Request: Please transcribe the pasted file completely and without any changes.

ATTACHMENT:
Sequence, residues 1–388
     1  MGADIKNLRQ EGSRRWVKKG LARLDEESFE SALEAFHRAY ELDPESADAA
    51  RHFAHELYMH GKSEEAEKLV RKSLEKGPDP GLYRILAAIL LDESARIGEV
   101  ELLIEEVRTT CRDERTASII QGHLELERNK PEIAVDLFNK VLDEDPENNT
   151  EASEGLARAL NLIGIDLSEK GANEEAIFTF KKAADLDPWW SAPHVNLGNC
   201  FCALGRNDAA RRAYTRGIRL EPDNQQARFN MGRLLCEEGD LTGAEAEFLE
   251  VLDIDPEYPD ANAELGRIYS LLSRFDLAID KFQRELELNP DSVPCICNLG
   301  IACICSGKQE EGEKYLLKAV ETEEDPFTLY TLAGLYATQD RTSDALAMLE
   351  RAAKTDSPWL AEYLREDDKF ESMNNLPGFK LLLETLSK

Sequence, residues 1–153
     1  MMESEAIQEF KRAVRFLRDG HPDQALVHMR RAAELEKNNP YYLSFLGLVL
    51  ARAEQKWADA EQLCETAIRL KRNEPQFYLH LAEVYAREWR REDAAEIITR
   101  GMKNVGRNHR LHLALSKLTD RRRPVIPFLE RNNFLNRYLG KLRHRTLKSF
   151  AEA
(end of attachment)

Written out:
Sequence, residues 1–388
     1  MGADIKNLRQ EGSRRWVKKG LARLDEESFE SALEAFHRAY ELDPESADAA
    51  RHFAHELYMH GKSEEAEKLV RKSLEKGPDP GLYRILAAIL LDESARIGEV
   101  ELLIEEVRTT CRDERTASII QGHLELERNK PEIAVDLFNK VLDEDPENNT
   151  EASEGLARAL NLIGIDLSEK GANEEAIFTF KKAADLDPWW SAPHVNLGNC
   201  FCALGRNDAA RRAYTRGIRL EPDNQQARFN MGRLLCEEGD LTGAEAEFLE
   251  VLDIDPEYPD ANAELGRIYS LLSRFDLAID KFQRELELNP DSVPCICNLG
   301  IACICSGKQE EGEKYLLKAV ETEEDPFTLY TLAGLYATQD RTSDALAMLE
   351  RAAKTDSPWL AEYLREDDKF ESMNNLPGFK LLLETLSK

Sequence, residues 1–153
     1  MMESEAIQEF KRAVRFLRDG HPDQALVHMR RAAELEKNNP YYLSFLGLVL
    51  ARAEQKWADA EQLCETAIRL KRNEPQFYLH LAEVYAREWR REDAAEIITR
   101  GMKNVGRNHR LHLALSKLTD RRRPVIPFLE RNNFLNRYLG KLRHRTLKSF
   151  AEA